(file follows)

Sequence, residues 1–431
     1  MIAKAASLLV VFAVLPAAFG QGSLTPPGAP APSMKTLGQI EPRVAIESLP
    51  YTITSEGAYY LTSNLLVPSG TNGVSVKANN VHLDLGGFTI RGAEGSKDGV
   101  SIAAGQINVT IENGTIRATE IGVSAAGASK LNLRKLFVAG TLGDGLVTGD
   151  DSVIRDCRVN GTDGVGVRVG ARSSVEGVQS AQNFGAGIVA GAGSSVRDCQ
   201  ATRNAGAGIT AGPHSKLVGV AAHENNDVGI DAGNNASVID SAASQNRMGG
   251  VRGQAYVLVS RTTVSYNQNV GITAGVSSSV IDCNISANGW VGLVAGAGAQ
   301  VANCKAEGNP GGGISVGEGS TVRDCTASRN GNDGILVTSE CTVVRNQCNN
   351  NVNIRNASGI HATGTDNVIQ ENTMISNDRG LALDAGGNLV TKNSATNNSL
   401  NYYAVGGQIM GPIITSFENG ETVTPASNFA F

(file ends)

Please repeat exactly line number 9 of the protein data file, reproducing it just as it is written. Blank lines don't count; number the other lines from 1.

   351  NVNIRNASGI HATGTDNVIQ ENTMISNDRG LALDAGGNLV TKNSATNNSL